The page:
I cannot possibly describe the “oros d’Tohu” there were at the time. Everyone ran forward and pushed, trying to get the best place. Maybe this was the moment the world had been waiting for, for thousands of years! The benches were set up for davening, not for a farbrengen. They were in the opposite direction. There were no pyramids. I wanted to stand on the side of a table, near the Rebbe. There was no table there but I knew just where they put the farbrengen table and I stood strong to guard the place. Meanwhile, the bachurim dragged the farbrengen table and they had already gotten it on the platform from the back of the shul, and were dragging it over to the place. In the meantime, more and more people were coming.

    At that time, a policeman stood on every street corner in Crown Heights because of the riots that had taken place only a few years earlier. So the moment something happened in Crown Heights, they would tell all the policemen who were posted in the neighborhood, and they would tell all the Chassidim passing by. So people began running from all over the neighborhood and they entered through all the doors of 770. I don’t think there was an unusually large number of people; I think there were only 1000 people, but the commotion and chaos were enormous.


    I stood in my place and saw how everyone was in a state of tremendous excitement.  I wondered whether I was standing in a good spot when suddenly there was a hush, a sign that the Rebbe was coming out of the room. At an ordinary farbrengen too, there were sometimes arguments over places, but that lasted only until the Rebbe came in. If you held onto your place until the second the Rebbe entered, you knew you would be remaining there. Each time they said shhhhhh, it was like an electric current went through the crowd. The Rebbe was coming!

    That is what happened that day too. The Rebbe came out. Despite this, I saw that the Rebbe’s farbrengen table was not in its place; it was about a meter and a half towards the back of the shul.  I knew this was the time to grab a place. I leaped in the direction of the table while noticing from my place that the Rebbe was coming in along the length of the back of the shul and was approaching his usual spot.

    This was the first time we were seeing the Rebbe from up close since 27 Adar. It was a shock. The Rebbe is here! He is here, after months of concealment and so much yearning! We saw the Rebbe pale, the beard a bit wider than what we were familiar with. The Rebbe did not walk; he sat on the chair.  He seemed to “hover.” He looked like an angel hovering … because we only saw the upper half of the body … People simply went out of their keilim (and that’s an understatement).

    For a moment there was a shocked silence.  A silence of surprise, amazement. A shudder passed through many in the crowd.  Apparently, the crowd was not ready for a revelation of this sort. Seconds later, there was a huge noise, indescribable, a noise created out of a combination of emotions, of pushing, of shock, of a situation out of control.  Some yelled out “SheHechiyanu.” Some yelled “Yechi HaMelech HaMoshiach.” Some yelled “arup” (down) because the Rebbe had made a downward motion with his left hand, to indicate to get down. In short, it was indescribable chaos.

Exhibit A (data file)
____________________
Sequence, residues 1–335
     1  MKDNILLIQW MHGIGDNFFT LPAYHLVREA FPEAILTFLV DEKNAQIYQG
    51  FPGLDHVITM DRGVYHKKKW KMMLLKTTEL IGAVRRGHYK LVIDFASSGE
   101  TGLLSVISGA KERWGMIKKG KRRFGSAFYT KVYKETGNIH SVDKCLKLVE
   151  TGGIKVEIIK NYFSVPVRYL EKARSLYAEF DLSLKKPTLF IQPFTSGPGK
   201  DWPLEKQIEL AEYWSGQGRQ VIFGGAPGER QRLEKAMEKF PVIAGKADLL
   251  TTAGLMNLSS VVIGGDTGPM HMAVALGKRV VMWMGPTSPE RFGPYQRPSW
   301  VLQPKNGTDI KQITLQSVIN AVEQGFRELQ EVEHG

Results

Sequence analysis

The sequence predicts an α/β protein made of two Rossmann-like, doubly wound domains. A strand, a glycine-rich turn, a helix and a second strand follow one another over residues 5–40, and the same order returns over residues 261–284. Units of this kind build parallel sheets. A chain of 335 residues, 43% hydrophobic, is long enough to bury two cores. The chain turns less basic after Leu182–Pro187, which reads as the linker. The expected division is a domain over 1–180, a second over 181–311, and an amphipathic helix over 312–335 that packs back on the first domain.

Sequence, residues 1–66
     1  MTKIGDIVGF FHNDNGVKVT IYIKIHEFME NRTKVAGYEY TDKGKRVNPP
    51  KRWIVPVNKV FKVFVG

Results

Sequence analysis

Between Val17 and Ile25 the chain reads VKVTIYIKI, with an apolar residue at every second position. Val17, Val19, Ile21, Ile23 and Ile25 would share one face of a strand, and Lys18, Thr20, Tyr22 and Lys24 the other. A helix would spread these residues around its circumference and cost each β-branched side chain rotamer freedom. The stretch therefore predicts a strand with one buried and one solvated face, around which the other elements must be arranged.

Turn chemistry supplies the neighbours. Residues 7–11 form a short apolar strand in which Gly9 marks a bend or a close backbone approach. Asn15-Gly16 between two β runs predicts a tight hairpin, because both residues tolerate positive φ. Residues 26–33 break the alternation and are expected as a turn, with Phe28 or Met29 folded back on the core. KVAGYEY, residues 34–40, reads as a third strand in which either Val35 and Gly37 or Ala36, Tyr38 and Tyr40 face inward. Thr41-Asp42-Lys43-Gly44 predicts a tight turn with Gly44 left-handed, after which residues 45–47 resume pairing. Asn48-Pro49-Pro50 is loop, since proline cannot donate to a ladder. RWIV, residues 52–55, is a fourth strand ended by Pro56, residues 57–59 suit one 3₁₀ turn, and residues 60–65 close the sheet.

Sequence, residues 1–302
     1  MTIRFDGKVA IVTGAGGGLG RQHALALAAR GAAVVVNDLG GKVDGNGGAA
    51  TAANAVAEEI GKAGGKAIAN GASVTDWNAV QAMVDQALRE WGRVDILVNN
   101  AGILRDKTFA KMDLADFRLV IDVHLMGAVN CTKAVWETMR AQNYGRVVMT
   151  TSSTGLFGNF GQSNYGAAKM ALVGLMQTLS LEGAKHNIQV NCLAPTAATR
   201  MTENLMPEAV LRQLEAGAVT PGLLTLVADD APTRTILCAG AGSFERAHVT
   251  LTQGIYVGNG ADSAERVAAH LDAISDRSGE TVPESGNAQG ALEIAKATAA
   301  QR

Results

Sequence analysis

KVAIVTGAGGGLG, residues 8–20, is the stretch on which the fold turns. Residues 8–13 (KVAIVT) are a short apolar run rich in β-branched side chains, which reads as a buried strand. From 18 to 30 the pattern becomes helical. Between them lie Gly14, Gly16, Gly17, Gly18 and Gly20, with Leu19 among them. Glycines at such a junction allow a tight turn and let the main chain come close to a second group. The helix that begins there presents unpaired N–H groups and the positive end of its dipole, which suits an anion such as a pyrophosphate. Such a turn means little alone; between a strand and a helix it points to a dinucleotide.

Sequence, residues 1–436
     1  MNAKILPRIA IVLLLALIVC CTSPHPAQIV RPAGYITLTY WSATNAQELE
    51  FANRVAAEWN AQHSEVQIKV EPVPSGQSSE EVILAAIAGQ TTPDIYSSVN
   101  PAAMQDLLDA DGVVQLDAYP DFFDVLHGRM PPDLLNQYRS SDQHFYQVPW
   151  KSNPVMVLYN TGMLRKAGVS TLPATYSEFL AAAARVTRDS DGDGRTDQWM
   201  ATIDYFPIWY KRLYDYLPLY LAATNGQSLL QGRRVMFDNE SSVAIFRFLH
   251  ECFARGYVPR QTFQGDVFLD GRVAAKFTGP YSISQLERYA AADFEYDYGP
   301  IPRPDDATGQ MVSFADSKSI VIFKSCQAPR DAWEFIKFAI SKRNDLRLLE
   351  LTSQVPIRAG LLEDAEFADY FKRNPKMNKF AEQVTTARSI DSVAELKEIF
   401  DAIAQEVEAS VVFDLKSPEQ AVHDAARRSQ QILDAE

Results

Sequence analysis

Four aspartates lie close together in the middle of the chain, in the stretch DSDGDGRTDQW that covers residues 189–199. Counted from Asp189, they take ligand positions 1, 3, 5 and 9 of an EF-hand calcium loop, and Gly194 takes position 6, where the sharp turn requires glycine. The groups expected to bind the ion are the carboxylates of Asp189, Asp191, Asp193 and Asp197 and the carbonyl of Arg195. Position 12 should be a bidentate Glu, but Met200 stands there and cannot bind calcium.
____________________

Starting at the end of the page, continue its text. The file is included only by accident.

The crowd was clearly not a ready “vessel” for this. There was no time for considerations, for thoughts, for calm – to stop a moment and make order so that the Rebbe could get through easily, so that the crowd could organize and could easily see without pushing. The crowd was not that big but there was hysteria because everyone was certain that the Rebbe would be fully revealed any minute. Nobody knew what to do. People just looked in the direction of the Rebbe so as not to miss the hisgalus.


    I saw the Rebbe going up on the bima and moving toward his place. That’s when I noticed that there was no railing on the platform. I was leaning with a foot on one of the benches and apparently, someone who saw the Rebbe motion like that with his hand, thought that everyone had to get down, and if they did not understand that, he would turn over bench after bench … When he got to the bench I was leaning on, the bench turned over with me and all the people behind me. The entire pyramid fell down under the Rebbe’s table.

    Throughout this time, more and more people joined and I fell from a height of a meter and a half (a bit over 3 feet). In 770, people regularly fall and get up; the problem was that I had fallen with my head downward while my feet were still up, stuck between the benches, with emotionally overwrought people stepping on them.  It hurt. Slowly, I began to compress from the pressure of the people on top of me until I felt that I could not expand my abdomen from all the pressure.  More and more people fell.

    I heard someone distinguished from Yerushalayim who had also fallen, scream “Shma Yisroel.” I thought, why is he saying Shma? We’re near the Rebbe – what could happen already? Then I suddenly stopped breathing. I couldn’t breathe even if I wanted to. About three seconds passed in which I stopped breathing and lost consciousness.

    What happened afterward, as they told me later, was that people continued to fall on me from all sides. The reason was that since there were no organized pyramids, whoever came in tried to jump up to see the Rebbe, which meant he was pushing the person in front of him and he fell too.  Opposite the Rebbe’s table was a kind of pit in which there were 150-200 people with nobody able to get up because people kept falling and falling. People stopped breathing and others screamed. I was at the bottom of the pile.